Here we have Burton’s golden boy again, Johnny Depp, this time cast as Ichabod Crane in this classic story. While Ichabod is described as unattractive in the story, Depp is clearly far too pretty for that description. Even he thought so as he offered to add prosthetics to make himself ugly, but Burton wanted to instead use Ichabod’s unattractive personality and so they left his face alone.
We follow Ichabod to Sleepy Hollow to investigate the murder of three people. The townspeople believe it to be the work of the headless horseman, but Ichabod insists that there must be a reasonable explanation and he sets out to find it; the secrets end up running deeper than he ever thought possible…
4. Ed Wood
In one of his few biographies, Burton took on the life of director Edward D. Wood Jr. in this film. A funny fact about this is that this film actually cost more to produce than all of Ed Wood’s actual films combined. One story claims that the reason this movie was shot in black-and-white was because they were having trouble depicting classic Hollywood actor Bela Lugosi in color.
The plot follows Ed Wood’s fight to become a great movie director, but he was plagued with many issues. First of all, he didn’t have talent, and was actually an outcast of Hollywood. He is often considered the worst director of all time, so this film is an intriguing look at someone who failed to achieve his dreams.
3. The Nightmare Before Christmas
Even though Burton didn’t direct The Nightmare Before Christmas, he did produce it and came up with the idea, so it definitely deserves to be on this list. This film doubles as both a Halloween and a Christmas movie, although it does lean more toward the spooky. Burton’s concept came from an original poem that discussed Halloween merchandise being replaced by Christmas stuff.
This classic stop-motion animation follows Jack Skellington, the king of Halloween Town, who is bored of doing the same thing repeatedly. He soon discovers Christmas Town and decides that he’s going to bring the idea to his home, but it doesn’t go over as well as he hopes.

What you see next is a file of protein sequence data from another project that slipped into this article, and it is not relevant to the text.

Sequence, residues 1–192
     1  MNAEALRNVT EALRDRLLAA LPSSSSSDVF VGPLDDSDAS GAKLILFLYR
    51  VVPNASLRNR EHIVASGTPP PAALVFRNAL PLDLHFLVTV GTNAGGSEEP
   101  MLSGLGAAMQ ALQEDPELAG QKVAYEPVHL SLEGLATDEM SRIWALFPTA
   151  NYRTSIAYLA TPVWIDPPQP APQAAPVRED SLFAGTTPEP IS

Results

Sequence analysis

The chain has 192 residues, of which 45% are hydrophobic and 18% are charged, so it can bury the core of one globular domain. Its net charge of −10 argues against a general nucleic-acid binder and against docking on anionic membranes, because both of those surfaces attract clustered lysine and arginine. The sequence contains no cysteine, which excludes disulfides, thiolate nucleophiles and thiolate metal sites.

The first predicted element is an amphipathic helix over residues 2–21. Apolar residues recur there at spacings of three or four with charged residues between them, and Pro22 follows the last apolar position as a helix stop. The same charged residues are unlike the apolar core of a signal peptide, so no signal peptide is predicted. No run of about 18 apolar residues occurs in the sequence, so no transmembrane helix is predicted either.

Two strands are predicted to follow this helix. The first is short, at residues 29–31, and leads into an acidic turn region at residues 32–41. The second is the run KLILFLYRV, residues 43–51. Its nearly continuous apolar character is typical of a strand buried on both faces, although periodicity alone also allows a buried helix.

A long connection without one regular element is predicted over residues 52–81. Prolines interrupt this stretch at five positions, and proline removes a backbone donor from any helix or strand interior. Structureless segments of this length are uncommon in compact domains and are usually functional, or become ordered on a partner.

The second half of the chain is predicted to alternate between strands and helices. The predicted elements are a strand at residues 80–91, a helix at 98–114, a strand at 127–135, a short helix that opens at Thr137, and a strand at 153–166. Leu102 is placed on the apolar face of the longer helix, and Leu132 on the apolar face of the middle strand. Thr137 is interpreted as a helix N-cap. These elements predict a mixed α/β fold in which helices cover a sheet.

There have been many retellings of Batman over the years, but Burton’s film from 1989 is one of the best. Michael Keaton in the titular role also affected other portrayals of Batman after his. He was concerned that it would be too easy for others to uncover Batman’s secret identity and talked with Burton on how to better disguise himself. In the end, using a lower register in his voice is what won out, and other actors emulated that later on.
This film gives us some origin story and throws us into the world of Batman, at the time when he encounters the Joker, played by Jack Nicholson, for the first time. This film is a much darker look at the character than we saw in Adam West, but it acts to deepen the character also.
Want to get our take on the best Batman actors? Here you have it!
There is no doubt that Beetlejuice is a classic and one of those films that’s great for repeat watching. Even more so than Batman, this is Keaton’s favorite movie of his and he even ad-libbed most of his lines. Despite the fact that so many love the scene, Burton didn’t think the legendary “Day-O” sequence was all that funny to begin with.
This film has us follow Adam and Barbara, who are forced to live in their house as ghosts after their deaths. The new owners are hard to get along with, so they decide to hire Beetlejuice, a self-proclaimed bioexorcist to help get rid of them. Despite the dealings with death, this film is a comedy, while also providing a unique look into what the afterlife might look like.
If you enjoy Alice in Wonderland, check out this article on the movie adaptation from the 1980s. If ghost movies are your thing, our take on Blithe Spirit and its remake can be found here and supernatural podcasts here.